Nemus Earth plans to buy and protect land in the rainforest... with Ethereum NFTs and a Brazil nut plantation

An illustration of an eagle sitting on a branch, on a trading card styled background. The card reads "Harpy Eagle, Parcel #128, -66.87661, -7.83341"Nemus Earth NFT (attribution)
A project called Nemus Earth has emerged, offering to sell you an Ethereum NFT to become a "Guardian" of the Brazilian Amazon rainforest. The project has lofty plans to create a "protective belt" in the Brazilian Amazon to try to protect it from deforestation. The project's whitepaper goes on to explain that "economic activity is required" on the land that they will purchase, and outlines a plan to employ the Indigenous people in the area to farm Brazil nuts on an abandoned plantation the project intends to "revitalize". The project describes a "co-op" for the local people that will "unlock generational wealth for these communities", though there appear to be no plans for these people to actually join the community of "Guardians" or have any say in the project's governance. Other economic activity planned by the project apparently involves "sustainable forestry", "empower[ing] local police authorities", something involving drones, and of course generating carbon offsets for other projects.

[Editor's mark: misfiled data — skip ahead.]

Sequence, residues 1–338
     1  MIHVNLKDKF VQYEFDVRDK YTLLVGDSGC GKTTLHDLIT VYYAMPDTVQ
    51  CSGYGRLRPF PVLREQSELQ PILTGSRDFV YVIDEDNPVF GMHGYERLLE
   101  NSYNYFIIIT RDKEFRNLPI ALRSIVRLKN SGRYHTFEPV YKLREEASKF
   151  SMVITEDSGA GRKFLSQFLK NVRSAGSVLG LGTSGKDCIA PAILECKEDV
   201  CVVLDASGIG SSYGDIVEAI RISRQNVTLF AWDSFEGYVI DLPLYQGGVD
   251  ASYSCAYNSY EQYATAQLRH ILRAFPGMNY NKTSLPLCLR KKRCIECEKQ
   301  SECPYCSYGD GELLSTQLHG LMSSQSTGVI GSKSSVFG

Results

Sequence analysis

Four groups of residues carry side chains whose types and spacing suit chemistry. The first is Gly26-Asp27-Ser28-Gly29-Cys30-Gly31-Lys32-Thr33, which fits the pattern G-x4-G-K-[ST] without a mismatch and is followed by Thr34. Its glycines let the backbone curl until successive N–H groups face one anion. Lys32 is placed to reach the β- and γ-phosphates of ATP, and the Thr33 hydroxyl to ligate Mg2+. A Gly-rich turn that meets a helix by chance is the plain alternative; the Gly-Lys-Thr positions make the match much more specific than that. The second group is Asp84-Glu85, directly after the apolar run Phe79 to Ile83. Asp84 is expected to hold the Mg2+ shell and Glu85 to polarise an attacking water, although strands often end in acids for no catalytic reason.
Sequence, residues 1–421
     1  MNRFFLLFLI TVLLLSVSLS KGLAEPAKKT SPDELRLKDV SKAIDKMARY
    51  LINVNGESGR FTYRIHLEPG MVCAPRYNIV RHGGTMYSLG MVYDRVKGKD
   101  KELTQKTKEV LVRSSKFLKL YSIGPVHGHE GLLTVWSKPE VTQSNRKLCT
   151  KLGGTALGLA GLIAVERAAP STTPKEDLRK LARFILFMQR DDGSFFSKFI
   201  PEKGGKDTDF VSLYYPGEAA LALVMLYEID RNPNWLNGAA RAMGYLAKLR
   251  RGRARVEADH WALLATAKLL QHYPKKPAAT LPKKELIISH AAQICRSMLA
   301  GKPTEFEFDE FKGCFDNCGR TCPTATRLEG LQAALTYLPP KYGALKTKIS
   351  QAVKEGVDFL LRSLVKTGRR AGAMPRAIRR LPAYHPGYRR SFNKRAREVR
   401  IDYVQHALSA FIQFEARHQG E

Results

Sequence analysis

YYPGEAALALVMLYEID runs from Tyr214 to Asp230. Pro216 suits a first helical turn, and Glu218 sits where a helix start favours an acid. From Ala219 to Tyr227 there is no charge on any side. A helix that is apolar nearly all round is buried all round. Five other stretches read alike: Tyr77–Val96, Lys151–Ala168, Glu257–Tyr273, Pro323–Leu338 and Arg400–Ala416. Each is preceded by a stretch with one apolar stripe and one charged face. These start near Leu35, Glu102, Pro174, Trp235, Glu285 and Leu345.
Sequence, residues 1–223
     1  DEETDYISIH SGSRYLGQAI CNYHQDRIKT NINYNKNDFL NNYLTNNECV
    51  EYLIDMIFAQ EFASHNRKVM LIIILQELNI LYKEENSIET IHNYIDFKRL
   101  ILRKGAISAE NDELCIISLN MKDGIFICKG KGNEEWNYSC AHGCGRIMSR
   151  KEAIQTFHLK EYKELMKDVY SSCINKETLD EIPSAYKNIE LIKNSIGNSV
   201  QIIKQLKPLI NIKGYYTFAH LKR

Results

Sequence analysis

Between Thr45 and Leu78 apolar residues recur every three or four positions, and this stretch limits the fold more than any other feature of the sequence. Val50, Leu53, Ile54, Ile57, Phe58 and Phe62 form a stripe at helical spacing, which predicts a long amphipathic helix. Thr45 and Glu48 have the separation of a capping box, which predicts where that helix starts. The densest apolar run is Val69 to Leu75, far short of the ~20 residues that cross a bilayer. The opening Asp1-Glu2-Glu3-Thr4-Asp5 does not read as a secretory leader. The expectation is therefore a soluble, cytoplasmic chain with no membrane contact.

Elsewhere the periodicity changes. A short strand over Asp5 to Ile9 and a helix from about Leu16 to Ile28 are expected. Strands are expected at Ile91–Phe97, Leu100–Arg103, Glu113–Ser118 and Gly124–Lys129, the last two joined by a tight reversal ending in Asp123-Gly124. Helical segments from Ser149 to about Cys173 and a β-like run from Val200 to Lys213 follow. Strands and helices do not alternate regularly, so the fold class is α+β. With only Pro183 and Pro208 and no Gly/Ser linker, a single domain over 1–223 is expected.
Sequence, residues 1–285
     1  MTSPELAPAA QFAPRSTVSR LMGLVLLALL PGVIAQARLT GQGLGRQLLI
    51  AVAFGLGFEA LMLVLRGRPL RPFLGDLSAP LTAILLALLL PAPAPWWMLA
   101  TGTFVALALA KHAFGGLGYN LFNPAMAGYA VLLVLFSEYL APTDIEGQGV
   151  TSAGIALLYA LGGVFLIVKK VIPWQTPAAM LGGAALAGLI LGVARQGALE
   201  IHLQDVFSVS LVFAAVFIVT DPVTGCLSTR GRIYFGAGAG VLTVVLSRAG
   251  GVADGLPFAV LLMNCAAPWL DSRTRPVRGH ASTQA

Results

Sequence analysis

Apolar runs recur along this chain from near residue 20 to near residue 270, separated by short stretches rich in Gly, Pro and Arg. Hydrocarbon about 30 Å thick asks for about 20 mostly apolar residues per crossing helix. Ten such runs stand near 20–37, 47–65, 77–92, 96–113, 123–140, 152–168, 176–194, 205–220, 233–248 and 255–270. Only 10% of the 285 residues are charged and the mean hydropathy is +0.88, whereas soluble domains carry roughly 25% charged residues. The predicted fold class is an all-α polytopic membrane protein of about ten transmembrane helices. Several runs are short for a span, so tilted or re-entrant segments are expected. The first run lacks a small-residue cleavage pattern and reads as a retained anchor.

The whitepaper also addresses that the project will be built on the Ethereum blockchain. There is a section about "pros & cons of Ethereum", which has one section: gas fees. Apparently the project based on environmental conservation has decided to simply gloss over the enormous energy consumption, emissions, and electronic waste stemming from the Ethereum blockchain.

The project opened its second round of minting on March 3, and is offering its NFTs for mint prices between 0.06 ETH and 19.44 ETH ($150 to $50,000).

OpenSea blocks Iranian users

Iranian users were surprised to find that their OpenSea accounts had been deactivated with no warning. One Iranian user wrote, "NOT A gm AT ALL. Woke up to my opensea trading account being deactivated/deleted without notice or any explanation, hearing lots of similar reports from other Iranian artists & collectors. What the hell is going on? Is OS straight up purging its users based on their country now?" At least one user who reported issues said that they are Iranian, but haven't lived there in years, and are based in Italy.